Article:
In 1984, The Smiths released their fourth single Heaven Knows I’m Miserable Now, which hit a peak of No 10 on the UK singles chart and further enhanced the cult Manchester band’s rapidly rising status as the most original independent guitar band around. The four-piece’s eponymous debut album had already given them a No 2 chart placing while previous singles This Charming Man and What Difference Does It Make? had also charted well.
Indie music was now firmly breaking into the mainstream. The combination of Morrissey’s oft-outspoken, witty and intellectual lyricisms and Johnny Marr’s fusion of Byrds-esque jangling melodies with post-punk guitar dynamics proved the perfect tonic.
The Smiths were arguably one of the most influential British guitar groups of the 1980s and without them there’s an odd-ons chance that Radiohead, Coldplay, The Stone Roses, Blur and Oasis would never have got it together.
John Porter had already produced The Smiths’ debut long player by the time he joined them in Island Records’ Fallout Shelter studio in Hammersmith to cut Heaven Knows I’m Miserable Now. “I used to get phone calls from Johnny at the last moment saying, ‘Can we do something?’,” recalled Porter to Matt Frost for Total Guitar in 2012. “And I think this was one of those cases where he called me and asked me if I could find a studio.”
Porter had good connections with Island and, after booking The Smiths into The Fallout Shelter, was looking forward to reuniting with old engineering buddy, Richard Digby-Smith.
However, when John arrived at the studio he found he’d been given a young rookie in-house engineer to work with instead. The occasion would be Stephen Street’s first significant recording session and would cement him as an automatic choice for the next three Smiths albums.
Porter remembers the first time the band ran through Heaven Knows and it wasn’t long before he and Marr were revisiting the song’s structure. “It was a short song and it was pretty linear,” says John. “It was just this thing that started and went through to the end with no particular break or any real structure. I do remember us working on the intro and then adding in the re-intro and the little instrumental outro thing. I’ve always loved guitar intros and early on Johnny and I had talked about that and we actually made that one of our things in that all The Smiths’ records should have a guitar intro specifically to hook in the kids in their bedrooms!”
Many of Johnny Marr’s chords across Heaven Knows have a jazzy feel to them. Porter believes that both the song’s intro section and some of the overdubs could have marked the first time that Marr ever played a Strat-style guitar on record.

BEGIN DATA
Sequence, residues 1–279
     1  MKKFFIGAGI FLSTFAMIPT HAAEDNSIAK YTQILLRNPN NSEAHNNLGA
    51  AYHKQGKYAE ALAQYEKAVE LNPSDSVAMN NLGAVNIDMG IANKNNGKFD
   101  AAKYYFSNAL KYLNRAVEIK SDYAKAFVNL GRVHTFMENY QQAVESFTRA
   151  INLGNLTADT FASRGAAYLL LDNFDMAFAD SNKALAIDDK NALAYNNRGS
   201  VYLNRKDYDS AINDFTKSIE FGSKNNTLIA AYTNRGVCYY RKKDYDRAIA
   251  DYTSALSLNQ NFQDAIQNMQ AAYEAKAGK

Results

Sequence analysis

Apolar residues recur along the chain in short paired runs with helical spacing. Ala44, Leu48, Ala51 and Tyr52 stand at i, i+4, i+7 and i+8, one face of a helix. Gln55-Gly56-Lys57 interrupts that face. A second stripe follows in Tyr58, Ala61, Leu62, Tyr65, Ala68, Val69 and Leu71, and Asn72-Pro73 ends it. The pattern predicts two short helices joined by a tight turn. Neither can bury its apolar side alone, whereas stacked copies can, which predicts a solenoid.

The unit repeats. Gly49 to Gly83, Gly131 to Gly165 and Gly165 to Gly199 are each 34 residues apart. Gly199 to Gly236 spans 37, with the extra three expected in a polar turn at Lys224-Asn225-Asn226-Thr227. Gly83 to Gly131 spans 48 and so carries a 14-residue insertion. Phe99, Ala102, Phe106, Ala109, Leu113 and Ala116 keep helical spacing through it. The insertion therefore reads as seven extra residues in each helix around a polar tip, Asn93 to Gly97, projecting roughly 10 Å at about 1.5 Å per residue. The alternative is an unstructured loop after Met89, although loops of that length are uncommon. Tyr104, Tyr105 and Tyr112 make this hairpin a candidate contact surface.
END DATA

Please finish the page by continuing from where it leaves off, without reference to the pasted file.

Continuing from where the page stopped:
“They’re pretty chords with nice major 7ths and the odd 9ths,” enthuses Porter. “We made the most of that by accentuating some of those chords and really bringing them out. I think that was the first time we used a Strat[-style guitar] and I can remember Johnny using it. I’d sort of put it together out of bits and you can hear it.
"There’s a little lick in between the verses, which is a Strat[-style guitar, most likely with a three-position switch] with the pickups jammed and out-of-phase. This was also maybe the first time Johnny had used a whammy bar. I was really into Strats and I think I was probably prompting him saying, ‘Hey, make this chord sound great by putting a whammy bar on the end of it!’”
John Porter really enjoyed the times he spent with Johnny Marr crafting Smiths guitar overdubs in the control room. “We would always put the tracks down and then Johnny and I would smoke lots of dope and dub lots of guitars all night long,” laughs John. “I recognised that he was a very creative and also a very accurate player. Johnny’s approach was very exact and I was very impressed how he pretty much knew when he’d nailed it.”
The young Marr was also always happy to take advice from John Porter as far as guitar parts went. “He’d be sitting in a chair next to me playing and we’d be getting a part together,” says Porter. “And as he’d be playing, I’d stick my fingers on the frets and say, ‘Add this note to the riff or these two bars’, which is really kind of rude and a bit of an imposition but, by that time, we had a really good relationship. He would say, ‘Yeah, I like that’ or ‘I don’t like that but let’s use half of it and do this’ and he would sort of refine it and get it down.”
As with many of Porter’s Smiths recordings, there are quite a few guitar overdubs sprawled across this track, each plugged into Marr’s Roland Jazz Chorus amp. John believes Johnny’s famed 1959 Gibson ES-355 could well have made its first session appearance on the single, and his own 1954 Telecaster – used on record by Eric Clapton and Jeff Beck – also came into play.
“My Tele was on just about every track I did with The Smiths,” confirms John. “A lot of the so-called chiming Rickenbackers were actually that Tele. I don’t think we used Rickenbackers that much.”
Porter’s production journey with The Smiths came to an end later on in 1984 following the fruitful recording sessions that bore the classic Smiths tracks William, It Was Really Nothing, Please, Please, Please Let Me Get What I Want and How Soon Is Now?. “I really enjoyed his company and thought he was a great guitarist,” says John of Marr. “I felt a great affinity with him, we had a lot of fun. He was like a younger brother or something.”